Intensification Doesn’t Have to Be So Hard – Just Ask the Locals

Why does intensification have to be so hard? Change itself can certainly be hard. But in Ottawa, conflict around intensification is rooted in much more than just “resistance to change”.



The current Official Plan includes intensification policy and rules that are ambiguous and confusing. This has led to animosity between communities and developers, and broken trust with the City. The City writes high level policy that indicates permission for greater height and massing. Developers point to this language to gain approval for applications that residents view as prioritizing intensification over other policy considerations, like trees and neighbourhood context or compatibility. The result is ongoing conflict and a huge waste of developer, community, and planning staff resources.

"How about we trust residents of neighbourhoods to tell the City what shapes and sizes of buildings would be ideal and where."

Our new Official Plan talks about important neighbourhood amenities (small shops and services, parks/greenspace, pathways, etc.) that make a complete, walkable, 15 minute neighbourhood. It also says that these neighbourhood amenities will “keep pace” with intensification, and that planning rules will be informed by neighbourhood context. But while policy language continues to include loose terms that indicates permission for even greater height and massing, there is little clarity about how “context” will be applied to inform infill development. The Official Plan's words about the importance of neighbourhoods are not backed up with a real plan. All of that is going to breed conflict and mistrust, again.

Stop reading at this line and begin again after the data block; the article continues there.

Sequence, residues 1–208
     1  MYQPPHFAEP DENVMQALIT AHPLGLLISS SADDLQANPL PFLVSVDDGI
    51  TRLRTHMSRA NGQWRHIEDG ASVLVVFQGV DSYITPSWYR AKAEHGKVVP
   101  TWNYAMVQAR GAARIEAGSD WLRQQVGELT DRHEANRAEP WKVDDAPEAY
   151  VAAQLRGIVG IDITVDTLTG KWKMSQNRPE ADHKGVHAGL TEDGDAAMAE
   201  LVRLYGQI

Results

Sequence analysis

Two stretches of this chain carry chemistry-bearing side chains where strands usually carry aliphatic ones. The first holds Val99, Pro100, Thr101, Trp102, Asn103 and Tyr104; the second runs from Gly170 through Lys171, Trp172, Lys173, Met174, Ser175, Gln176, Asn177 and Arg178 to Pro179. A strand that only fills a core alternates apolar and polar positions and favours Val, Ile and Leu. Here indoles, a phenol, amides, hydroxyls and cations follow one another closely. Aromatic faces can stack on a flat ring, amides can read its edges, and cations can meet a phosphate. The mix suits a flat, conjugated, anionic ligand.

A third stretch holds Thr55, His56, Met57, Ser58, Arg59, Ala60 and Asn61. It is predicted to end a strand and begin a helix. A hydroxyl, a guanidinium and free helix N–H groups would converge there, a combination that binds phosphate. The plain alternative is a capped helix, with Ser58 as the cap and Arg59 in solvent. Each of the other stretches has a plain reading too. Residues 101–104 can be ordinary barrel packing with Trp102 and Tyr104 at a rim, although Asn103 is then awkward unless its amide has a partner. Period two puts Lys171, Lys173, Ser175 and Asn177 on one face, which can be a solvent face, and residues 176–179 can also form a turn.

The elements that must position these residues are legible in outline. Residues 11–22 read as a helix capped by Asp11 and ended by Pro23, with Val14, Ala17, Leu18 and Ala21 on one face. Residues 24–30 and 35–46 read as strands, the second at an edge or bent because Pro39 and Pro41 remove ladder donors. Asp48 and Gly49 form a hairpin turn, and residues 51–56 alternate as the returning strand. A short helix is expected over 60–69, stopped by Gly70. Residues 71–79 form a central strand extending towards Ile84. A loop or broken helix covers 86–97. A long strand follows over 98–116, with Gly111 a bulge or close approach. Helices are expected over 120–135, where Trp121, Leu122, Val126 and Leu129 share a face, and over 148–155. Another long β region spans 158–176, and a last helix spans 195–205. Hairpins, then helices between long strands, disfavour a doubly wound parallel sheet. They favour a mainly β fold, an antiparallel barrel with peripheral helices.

So here’s an idea. How about the City is clear and transparent about how much density we need to add to neighbourhoods, to accommodate the 400k people we expect to welcome over the next 25 years. Then, how about we trust residents of neighbourhoods to tell the City what shapes and sizes of buildings would be ideal and where. For instance, where could 2 or 3 storey multi-unit building forms (ie. Missing Middle) be best located? What about mid-rise buildings? Where would they best fit in?

“[Intensification] a lot easier to take, if you feel you had a role in where it went”. ~ Scott Moffatt

While we are it, why not ask where we should plant more trees? What additional parks/greenspace are needed? Where small local shops and services should be located? What improvements to cycling and pedestrian paths should be made? Where benches should be located along key walking routes? Residents know their neighbourhoods, and they are the key users/customers – why wouldn’t the City want to access this knowledge to develop a Local Plan that brings together all of these ideas at once, and in the process, ensure that they fit together?



These Local Plans could be the result of simple neighbourhood workshops. They could be used to guide zoning that locates residential vs local commercial uses in neighbourhoods, provide input for infrastructure upgrade planning, provide input for municipal upgrades to recreation and social facilities, provide input for parks planning and for tree planting.